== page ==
Interior Cabinet Secretary Fred Matiang’i, DCI boss George Kinoti and Inspector-General of Police Hillary Mutyambai have been summoned to court to explain the whereabouts of a Turkish national, who was allegedly abducted in Nairobi last Monday, May 3.
Kiambu High Court judge, Mary Kasango, wants the three, on Monday, May 10, to reveal the whereabouts of Selahaddin Gulen, a nephew of a top Opposition leader in Turkey Fethullah Gulen.
Rachier & Amollo Advocates, the lawyers of the missing man, had applied to have the three security bosses summoned to explain the whereabouts of their client.
Selahaddin is reported to have been abducted while on his way to DCI headquarters, Kiambu Road, where he was seeking the assistance of Interpol to help clear his name over allegations of involvement in crime in Turkey.
Selahaddin is a nephew of Fethullah, who inspired the Gulen movement, which is known as Hizmet (or service) in Turkey, and runs educational institutions across the world, including Kenya through the Light Academy schools.
However, after a bloody attempted coup in July 2016, President Recep Erdogan accused Fethullah, who inspired the Gulen movement, of being behind the bid to oust him from power.
Erdogan began a crackdown on Fethullah’s followers, who are suspected to run in the millions and hold powerful positions in the military, judiciary and even the ruling party.
After the July 15 uprising when a section of the Turkish military launched a co-ordinated operation in several major cities to topple the government, Erdogan sought the extradition of the cleric from the US, where he has been living since 1999. These attempts have failed.
After the 2016 failed coup, which left at least 240 people dead and more than 2,000 others injured, the Erdogan administration launched a worldwide hunt for people affiliated to the Gulen movement.
Hundreds of people, among them civil servants and military officials, have been jailed for life over the attempted coup.
On Monday, May 3, Gullen’s nephew Selahaddin was arrested in similar fashion to the dramatic 1999 security operation in Nairobi that led to the arrest of Abdullah Ocalan, a wanted man by the Turkish government.
Ocalan was one of the founding members of the Kurdistan Workers Party (PKK), a militant organisation founded in Turkey in 1978 to fight for the rights of minority workers.
PKK was listed as a terrorist organisation by Turkish government, the US and the Europen Union, putting Ocalan on the international list of most wanted men.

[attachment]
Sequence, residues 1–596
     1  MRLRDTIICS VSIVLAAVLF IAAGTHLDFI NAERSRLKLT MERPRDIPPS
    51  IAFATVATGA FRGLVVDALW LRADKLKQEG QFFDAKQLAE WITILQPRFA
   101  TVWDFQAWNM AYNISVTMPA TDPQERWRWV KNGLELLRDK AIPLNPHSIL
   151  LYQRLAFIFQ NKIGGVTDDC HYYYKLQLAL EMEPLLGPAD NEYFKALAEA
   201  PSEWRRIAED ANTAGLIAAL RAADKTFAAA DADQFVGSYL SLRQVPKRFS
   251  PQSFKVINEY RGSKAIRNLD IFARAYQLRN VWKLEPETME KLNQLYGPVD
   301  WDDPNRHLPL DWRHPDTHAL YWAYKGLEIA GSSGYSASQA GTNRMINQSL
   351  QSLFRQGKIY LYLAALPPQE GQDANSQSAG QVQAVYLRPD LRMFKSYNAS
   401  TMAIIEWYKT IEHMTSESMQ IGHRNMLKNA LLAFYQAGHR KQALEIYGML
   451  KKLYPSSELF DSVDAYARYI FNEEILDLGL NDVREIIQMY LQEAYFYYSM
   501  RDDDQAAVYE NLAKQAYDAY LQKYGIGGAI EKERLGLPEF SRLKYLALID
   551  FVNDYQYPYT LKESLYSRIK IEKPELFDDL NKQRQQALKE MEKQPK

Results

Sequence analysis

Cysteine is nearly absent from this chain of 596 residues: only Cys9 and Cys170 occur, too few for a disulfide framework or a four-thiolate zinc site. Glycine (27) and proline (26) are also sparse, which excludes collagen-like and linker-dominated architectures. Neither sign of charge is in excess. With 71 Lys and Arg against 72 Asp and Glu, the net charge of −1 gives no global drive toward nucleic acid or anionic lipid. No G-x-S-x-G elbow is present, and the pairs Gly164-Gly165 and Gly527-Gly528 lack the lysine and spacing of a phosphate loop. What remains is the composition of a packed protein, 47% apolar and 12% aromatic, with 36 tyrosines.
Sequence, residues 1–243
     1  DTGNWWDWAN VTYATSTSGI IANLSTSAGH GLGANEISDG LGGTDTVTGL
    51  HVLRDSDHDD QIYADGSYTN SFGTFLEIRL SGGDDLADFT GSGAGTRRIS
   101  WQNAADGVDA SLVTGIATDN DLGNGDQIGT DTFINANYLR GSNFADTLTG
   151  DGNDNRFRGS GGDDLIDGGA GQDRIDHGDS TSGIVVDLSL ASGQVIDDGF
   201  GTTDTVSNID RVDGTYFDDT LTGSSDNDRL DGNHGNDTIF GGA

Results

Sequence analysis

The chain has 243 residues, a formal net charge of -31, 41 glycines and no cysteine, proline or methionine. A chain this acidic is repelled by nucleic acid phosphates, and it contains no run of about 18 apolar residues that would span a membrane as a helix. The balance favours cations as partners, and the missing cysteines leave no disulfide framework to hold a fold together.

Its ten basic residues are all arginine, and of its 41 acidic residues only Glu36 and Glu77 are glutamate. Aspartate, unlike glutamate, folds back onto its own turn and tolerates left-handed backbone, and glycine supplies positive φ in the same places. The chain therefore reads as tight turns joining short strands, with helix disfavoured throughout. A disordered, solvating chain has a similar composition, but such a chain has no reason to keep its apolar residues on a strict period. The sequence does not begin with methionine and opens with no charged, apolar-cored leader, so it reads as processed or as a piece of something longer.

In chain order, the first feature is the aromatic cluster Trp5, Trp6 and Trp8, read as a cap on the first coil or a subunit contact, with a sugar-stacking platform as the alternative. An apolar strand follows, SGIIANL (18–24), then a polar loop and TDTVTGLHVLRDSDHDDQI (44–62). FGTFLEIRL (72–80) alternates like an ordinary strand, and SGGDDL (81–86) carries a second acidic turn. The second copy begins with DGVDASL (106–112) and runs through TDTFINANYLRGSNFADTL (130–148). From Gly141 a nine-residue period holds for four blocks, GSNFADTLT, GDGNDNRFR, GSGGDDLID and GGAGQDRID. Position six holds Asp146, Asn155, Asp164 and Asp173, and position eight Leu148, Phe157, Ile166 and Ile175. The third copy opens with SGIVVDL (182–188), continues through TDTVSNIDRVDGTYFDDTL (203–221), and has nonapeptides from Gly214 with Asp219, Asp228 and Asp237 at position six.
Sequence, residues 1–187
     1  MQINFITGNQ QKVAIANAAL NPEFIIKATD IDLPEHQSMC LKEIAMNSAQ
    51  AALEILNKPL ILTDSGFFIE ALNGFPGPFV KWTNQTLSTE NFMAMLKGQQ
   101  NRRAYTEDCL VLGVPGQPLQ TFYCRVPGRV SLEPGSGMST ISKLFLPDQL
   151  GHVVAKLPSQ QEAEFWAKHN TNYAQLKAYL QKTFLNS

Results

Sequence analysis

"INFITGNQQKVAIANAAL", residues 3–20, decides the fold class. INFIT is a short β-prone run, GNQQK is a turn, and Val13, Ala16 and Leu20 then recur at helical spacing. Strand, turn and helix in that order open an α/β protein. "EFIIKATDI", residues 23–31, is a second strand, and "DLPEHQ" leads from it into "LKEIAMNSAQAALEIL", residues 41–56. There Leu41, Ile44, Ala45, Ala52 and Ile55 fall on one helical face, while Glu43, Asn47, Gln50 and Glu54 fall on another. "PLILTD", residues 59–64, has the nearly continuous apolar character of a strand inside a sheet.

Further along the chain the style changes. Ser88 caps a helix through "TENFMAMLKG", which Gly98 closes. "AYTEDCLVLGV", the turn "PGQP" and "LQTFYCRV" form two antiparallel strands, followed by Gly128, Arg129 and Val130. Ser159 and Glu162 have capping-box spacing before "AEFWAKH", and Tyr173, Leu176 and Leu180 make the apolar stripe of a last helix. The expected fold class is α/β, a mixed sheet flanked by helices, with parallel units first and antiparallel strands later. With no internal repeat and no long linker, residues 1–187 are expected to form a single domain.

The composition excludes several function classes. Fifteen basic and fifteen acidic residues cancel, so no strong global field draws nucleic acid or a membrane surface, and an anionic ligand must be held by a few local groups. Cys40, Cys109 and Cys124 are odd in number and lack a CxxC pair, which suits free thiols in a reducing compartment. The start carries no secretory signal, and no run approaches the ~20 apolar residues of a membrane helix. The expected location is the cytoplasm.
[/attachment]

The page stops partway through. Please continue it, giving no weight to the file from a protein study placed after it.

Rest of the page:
The arrest of Selahaddin was executed in almost similar fashion. At around 9am on Monday, Selahaddin, who arrived in the country on October 17 last year on a tourist visa from the US, had planned a meeting with officials from Interpol offices in Nairobi.
His mission, according to his lawyers, was to impress on Interpol to clear his name from the list of wanted men.
He had been listed by Turkey on allegations that he was wanted for an offence that he committed back home in 2008.
Selahaddin has been battling the Turkish government’s attempts to get him to Turkey.
He took the fight to the Kiambu chief magistrate’s court where he fought off attempts by the Director of Pubic Prosecutions to extradite him.
In his court documents filed in Kiambu on January 28 this year, Selahaddin asked the court to block his extradition until the case challenging his expulsion is heard and determined.
In an affidavit filed before the court, Selahaddin raised 42 points why the Kenyan government could not deport him. He attributed his intended extradition to the 2016 attempted coup and the subsequent crackdown by the Turkish government on people perceived to be affiliated to the Gulen movement.
“That the real motive behind the issuance of the Red notice is that, in 2016 (when I lived in the US) there was a failed coup attempt in Turkey. It is suspected that one Fethulla Gulen (my uncle) may have supported the coup.
“The Turkish authorities therefore opened a crackdown on all persons who were directly or indirectly related to the said Fethullah Gulen. All his relatives who were physically present in Turkey were arrested on fictitious criminal charges and are presently serving long prisons sentence in Turkey,” Selahaddin told the court.
The proceedings were, however, stopped by the High Court in Kiambu where Selahaddin sought further orders to stop his extradition.
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